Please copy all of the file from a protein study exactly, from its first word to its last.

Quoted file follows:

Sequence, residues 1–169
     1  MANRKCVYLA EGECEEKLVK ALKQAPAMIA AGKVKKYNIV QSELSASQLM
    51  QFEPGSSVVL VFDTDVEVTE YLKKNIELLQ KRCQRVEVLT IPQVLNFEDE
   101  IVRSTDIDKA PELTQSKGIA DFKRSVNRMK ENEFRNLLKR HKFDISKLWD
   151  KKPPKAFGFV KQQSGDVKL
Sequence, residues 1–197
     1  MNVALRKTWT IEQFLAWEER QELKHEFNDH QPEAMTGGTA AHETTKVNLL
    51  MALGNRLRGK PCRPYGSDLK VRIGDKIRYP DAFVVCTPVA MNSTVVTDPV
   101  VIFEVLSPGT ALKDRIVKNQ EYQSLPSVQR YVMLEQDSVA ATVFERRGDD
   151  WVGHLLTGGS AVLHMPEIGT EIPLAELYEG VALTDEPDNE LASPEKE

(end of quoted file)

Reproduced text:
Sequence, residues 1–169
     1  MANRKCVYLA EGECEEKLVK ALKQAPAMIA AGKVKKYNIV QSELSASQLM
    51  QFEPGSSVVL VFDTDVEVTE YLKKNIELLQ KRCQRVEVLT IPQVLNFEDE
   101  IVRSTDIDKA PELTQSKGIA DFKRSVNRMK ENEFRNLLKR HKFDISKLWD
   151  KKPPKAFGFV KQQSGDVKL
Sequence, residues 1–197
     1  MNVALRKTWT IEQFLAWEER QELKHEFNDH QPEAMTGGTA AHETTKVNLL
    51  MALGNRLRGK PCRPYGSDLK VRIGDKIRYP DAFVVCTPVA MNSTVVTDPV
   101  VIFEVLSPGT ALKDRIVKNQ EYQSLPSVQR YVMLEQDSVA ATVFERRGDD
   151  WVGHLLTGGS AVLHMPEIGT EIPLAELYEG VALTDEPDNE LASPEKE